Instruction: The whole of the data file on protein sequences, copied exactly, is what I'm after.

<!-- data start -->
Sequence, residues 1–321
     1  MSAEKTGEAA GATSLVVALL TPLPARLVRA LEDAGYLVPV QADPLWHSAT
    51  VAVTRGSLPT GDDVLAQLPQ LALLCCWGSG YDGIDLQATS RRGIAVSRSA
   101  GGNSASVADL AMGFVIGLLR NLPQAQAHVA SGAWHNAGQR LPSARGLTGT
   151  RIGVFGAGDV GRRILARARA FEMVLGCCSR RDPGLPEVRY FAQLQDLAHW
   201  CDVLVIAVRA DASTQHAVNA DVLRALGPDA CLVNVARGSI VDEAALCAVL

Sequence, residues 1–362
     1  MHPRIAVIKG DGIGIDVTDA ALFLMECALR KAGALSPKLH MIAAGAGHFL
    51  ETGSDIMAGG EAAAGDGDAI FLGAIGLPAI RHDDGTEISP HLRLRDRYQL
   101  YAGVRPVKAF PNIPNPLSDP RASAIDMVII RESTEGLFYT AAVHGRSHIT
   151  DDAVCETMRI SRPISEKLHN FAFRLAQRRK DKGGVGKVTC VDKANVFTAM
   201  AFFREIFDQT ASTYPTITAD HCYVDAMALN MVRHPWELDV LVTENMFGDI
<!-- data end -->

Sequence, residues 1–321
     1  MSAEKTGEAA GATSLVVALL TPLPARLVRA LEDAGYLVPV QADPLWHSAT
    51  VAVTRGSLPT GDDVLAQLPQ LALLCCWGSG YDGIDLQATS RRGIAVSRSA
   101  GGNSASVADL AMGFVIGLLR NLPQAQAHVA SGAWHNAGQR LPSARGLTGT
   151  RIGVFGAGDV GRRILARARA FEMVLGCCSR RDPGLPEVRY FAQLQDLAHW
   201  CDVLVIAVRA DASTQHAVNA DVLRALGPDA CLVNVARGSI VDEAALCAVL

Sequence, residues 1–362
     1  MHPRIAVIKG DGIGIDVTDA ALFLMECALR KAGALSPKLH MIAAGAGHFL
    51  ETGSDIMAGG EAAAGDGDAI FLGAIGLPAI RHDDGTEISP HLRLRDRYQL
   101  YAGVRPVKAF PNIPNPLSDP RASAIDMVII RESTEGLFYT AAVHGRSHIT
   151  DDAVCETMRI SRPISEKLHN FAFRLAQRRK DKGGVGKVTC VDKANVFTAM
   201  AFFREIFDQT ASTYPTITAD HCYVDAMALN MVRHPWELDV LVTENMFGDI